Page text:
c99 docs - any good?

Discussion in 'C Programming' started by mechanicfem@googlemail.com, Feb 20, 2006.

  1. Guest

    Lately I've been trying to learn about new stuff in c99 - today's topic
    was/is variable length arrays.

    As well as asking here, I've been 'doing the rounds' via Google, and
    recently I found this article:

    http://www.informit.com/guides/content.asp?g=cplusplus&seqNum=215

    It didn't help me much re my earlier question about using [*]

    However, could someone tell me if this article is /reasonable/?

    For example, the article mentions variadic macros, and __VA_ARGS__ -
    however, I cannot find __VA_ARGS__ in the draft ISO spec I have, and so
    I wonder if it's genuine?

    I've also noted a couple of things that don't make sense that 'make me
    wonder' about its quality, e.g.,

    struct Employee
    {
    ....
    }

    Followed by (note the missing /struct/)

    Employee emp = {.ID=0, .record=NULL};

    I guess my question really is - where can I find examples of /new/ c99
    features, c/w readable descriptions?

    x

    Jo

    P.S.

    Just noticed that the article says that long long is at least 64 bits,
    whereas the std says

    The rank of long long int shall be greater than the rank of long int,
    which
    shall be greater than the rank of int, which shall be greater than the
    rank of short
    int, which shall be greater than the rank of signed char.

    So, is there some error here too perhaps?
    , Feb 20, 2006
    #1
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  2. Michael Mair Guest

    schrieb:
    > Lately I've been trying to learn about new stuff in c99 - today's topic
    > was/is variable length arrays.
    >
    > As well as asking here, I've been 'doing the rounds' via Google, and
    > recently I found this article:
    >
    > http://www.informit.com/guides/content.asp?g=cplusplus&seqNum=215
    >
    > It didn't help me much re my earlier question about using [*]
    >
    > However, could someone tell me if this article is /reasonable/?
    >
    > For example, the article mentions variadic macros, and __VA_ARGS__ -
    > however, I cannot find __VA_ARGS__ in the draft ISO spec I have, and so
    > I wonder if it's genuine?


    Search for "VA_ARGS" or "_VA_ARGS_" -- in order to make the number
    of _ apparent, tiny spaces have been inserted in the PDF version.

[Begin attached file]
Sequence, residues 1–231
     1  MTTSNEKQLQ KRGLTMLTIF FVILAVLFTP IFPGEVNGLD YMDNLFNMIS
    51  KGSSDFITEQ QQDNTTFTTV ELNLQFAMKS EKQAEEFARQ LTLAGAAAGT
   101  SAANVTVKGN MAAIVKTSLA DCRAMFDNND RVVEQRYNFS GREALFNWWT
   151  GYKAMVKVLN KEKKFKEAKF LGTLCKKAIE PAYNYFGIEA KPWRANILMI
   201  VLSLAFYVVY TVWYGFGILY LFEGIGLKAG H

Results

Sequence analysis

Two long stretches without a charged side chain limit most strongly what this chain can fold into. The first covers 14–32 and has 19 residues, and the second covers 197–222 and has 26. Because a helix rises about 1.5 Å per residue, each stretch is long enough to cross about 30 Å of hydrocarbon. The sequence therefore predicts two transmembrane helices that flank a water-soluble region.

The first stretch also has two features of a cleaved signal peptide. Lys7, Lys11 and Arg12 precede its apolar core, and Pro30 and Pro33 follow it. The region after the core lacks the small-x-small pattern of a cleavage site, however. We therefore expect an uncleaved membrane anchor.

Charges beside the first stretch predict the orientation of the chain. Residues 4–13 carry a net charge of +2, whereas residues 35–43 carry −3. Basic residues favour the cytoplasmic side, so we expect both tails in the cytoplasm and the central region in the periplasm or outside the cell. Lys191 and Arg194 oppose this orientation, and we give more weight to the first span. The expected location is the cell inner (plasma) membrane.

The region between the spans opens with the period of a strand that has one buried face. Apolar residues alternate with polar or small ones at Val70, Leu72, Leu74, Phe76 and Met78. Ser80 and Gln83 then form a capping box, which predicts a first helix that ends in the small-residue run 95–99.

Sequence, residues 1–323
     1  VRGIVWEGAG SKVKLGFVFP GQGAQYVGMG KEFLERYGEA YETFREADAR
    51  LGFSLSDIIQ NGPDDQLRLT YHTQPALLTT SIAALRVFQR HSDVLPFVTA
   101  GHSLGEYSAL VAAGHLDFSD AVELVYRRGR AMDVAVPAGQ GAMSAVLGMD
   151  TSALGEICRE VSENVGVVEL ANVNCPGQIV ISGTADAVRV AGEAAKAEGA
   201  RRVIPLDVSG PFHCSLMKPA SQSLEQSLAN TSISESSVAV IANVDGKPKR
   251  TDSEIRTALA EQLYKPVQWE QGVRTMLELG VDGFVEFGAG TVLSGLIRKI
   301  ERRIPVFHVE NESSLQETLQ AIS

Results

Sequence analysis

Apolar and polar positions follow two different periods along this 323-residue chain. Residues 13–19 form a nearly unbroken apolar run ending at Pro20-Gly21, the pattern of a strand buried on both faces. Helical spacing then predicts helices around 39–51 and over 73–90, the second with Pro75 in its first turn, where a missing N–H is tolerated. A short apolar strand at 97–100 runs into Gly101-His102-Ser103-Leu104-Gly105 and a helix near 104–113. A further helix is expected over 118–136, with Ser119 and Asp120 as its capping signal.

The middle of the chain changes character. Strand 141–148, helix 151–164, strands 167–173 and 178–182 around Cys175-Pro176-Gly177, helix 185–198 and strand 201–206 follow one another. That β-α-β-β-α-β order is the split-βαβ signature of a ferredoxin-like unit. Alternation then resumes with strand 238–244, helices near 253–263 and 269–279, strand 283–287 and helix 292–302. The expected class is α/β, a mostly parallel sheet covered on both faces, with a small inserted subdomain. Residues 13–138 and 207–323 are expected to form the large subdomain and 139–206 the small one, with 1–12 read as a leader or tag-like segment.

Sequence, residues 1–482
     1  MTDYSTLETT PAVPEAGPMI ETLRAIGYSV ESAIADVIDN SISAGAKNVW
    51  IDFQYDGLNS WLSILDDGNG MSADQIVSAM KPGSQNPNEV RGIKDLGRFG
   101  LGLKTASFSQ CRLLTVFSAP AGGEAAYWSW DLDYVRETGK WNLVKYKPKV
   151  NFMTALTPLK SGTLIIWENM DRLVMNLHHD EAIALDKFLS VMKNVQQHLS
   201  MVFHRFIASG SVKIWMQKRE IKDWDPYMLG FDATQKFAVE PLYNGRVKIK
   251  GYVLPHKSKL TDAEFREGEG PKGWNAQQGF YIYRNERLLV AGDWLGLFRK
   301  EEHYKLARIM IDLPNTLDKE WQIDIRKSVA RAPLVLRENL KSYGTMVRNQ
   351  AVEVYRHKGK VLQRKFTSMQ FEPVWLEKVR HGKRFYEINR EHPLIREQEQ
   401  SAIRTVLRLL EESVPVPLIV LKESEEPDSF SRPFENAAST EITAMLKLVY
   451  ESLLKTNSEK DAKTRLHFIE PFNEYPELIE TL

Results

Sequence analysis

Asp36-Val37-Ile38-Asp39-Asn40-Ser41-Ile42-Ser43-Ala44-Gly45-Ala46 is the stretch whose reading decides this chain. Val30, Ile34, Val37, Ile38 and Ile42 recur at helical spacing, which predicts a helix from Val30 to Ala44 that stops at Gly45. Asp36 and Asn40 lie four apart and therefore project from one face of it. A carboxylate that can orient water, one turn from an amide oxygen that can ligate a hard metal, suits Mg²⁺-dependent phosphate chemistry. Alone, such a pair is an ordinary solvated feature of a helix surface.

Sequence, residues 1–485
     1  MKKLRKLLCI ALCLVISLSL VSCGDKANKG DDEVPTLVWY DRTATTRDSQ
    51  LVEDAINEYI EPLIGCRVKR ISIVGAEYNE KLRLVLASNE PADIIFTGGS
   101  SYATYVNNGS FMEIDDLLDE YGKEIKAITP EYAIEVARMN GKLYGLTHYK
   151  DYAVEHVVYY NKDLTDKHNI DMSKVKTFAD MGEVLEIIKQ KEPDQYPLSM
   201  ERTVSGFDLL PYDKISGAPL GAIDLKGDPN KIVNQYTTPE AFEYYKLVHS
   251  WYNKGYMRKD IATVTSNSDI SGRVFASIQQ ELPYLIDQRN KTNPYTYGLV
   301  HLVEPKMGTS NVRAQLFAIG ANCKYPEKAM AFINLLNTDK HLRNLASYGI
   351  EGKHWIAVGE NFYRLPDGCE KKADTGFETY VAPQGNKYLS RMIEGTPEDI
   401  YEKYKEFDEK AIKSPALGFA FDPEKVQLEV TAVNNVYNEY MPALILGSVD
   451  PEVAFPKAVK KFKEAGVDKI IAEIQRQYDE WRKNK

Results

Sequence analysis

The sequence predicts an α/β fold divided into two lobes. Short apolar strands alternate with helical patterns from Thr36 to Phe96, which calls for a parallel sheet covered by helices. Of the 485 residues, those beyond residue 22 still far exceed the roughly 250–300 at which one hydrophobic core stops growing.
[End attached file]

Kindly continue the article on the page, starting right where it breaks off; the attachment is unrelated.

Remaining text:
I have not looked at the article, though. However, the cplusplus
    in its name makes me wonder.

    >
    > I've also noted a couple of things that don't make sense that 'make me
    > wonder' about its quality, e.g.,
    >
    > struct Employee
    > {
    > ...
    > }
    >
    > Followed by (note the missing /struct/)
    >
    > Employee emp = {.ID=0, .record=NULL};


    Works only with an appropriate typedef.


    > I guess my question really is - where can I find examples of /new/ c99
    > features, c/w readable descriptions?


    Not exactly what you are looking for, but a good starting
    point:
    http://david.tribble.com/text/cdiffs.htm

    > Just noticed that the article says that long long is at least 64 bits,
    > whereas the std says
    >
    > The rank of long long int shall be greater than the rank of long int,
    > which
    > shall be greater than the rank of int, which shall be greater than the
    > rank of short
    > int, which shall be greater than the rank of signed char.
    >
    > So, is there some error here too perhaps?


    No. Learn to read the standard carefully. long long's guaranteed
    maximum and minimum values are representable only if you use at least
    64 bits.


    Cheers
    Michael
    --
    E-Mail: Mine is an /at/ gmx /dot/ de address.
    Michael Mair, Feb 20, 2006
    #2
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  3. Jordan Abel Guest

    On 2006-02-20, Michael Mair <> wrote:
    >> I guess my question really is - where can I find examples of /new/ c99
    >> features, c/w readable descriptions?

    >
    > Not exactly what you are looking for, but a good starting
    > point:
    > http://david.tribble.com/text/cdiffs.htm


    http://home.tiscalinet.ch/t_wolf/tw/c/c9x_changes.html is probably
    better for the purpose of the question. At a glance, though, the page
    you linked is a good analysis of the most recent chapter in the
    compatibility and lack thereof between C and C++, though.

    >> Just noticed that the article says that long long is at least 64 bits,
    >> whereas the std says
    >>
    >> The rank of long long int shall be greater than the rank of long int,
    >> which shall be greater than the rank of int, which shall be greater
    >> than the rank of short int, which shall be greater than the rank of
    >> signed char.


    Where does it say that? I'm confused by "rank", does that mean they